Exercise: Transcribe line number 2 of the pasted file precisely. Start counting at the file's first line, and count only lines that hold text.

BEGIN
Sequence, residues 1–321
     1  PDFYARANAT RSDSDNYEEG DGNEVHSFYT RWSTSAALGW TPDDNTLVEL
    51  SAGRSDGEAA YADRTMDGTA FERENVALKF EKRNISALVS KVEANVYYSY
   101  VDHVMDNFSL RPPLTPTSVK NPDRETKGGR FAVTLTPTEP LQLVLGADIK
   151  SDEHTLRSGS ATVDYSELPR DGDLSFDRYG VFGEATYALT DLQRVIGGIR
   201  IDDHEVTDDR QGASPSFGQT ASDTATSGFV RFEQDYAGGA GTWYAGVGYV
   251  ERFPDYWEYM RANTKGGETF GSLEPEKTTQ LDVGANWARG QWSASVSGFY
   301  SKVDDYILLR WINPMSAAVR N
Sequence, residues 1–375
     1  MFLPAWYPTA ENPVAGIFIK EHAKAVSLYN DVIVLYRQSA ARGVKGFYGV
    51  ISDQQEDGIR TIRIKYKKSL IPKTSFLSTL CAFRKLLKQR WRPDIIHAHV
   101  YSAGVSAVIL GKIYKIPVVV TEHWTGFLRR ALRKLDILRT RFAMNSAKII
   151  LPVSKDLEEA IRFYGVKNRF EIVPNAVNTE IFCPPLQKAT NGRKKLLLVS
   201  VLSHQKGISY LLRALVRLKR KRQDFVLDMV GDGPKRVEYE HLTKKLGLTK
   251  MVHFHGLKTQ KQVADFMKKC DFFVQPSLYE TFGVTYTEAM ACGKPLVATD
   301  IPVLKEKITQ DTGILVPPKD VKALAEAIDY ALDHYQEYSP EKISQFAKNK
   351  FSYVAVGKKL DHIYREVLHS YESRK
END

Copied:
     1  PDFYARANAT RSDSDNYEEG DGNEVHSFYT RWSTSAALGW TPDDNTLVEL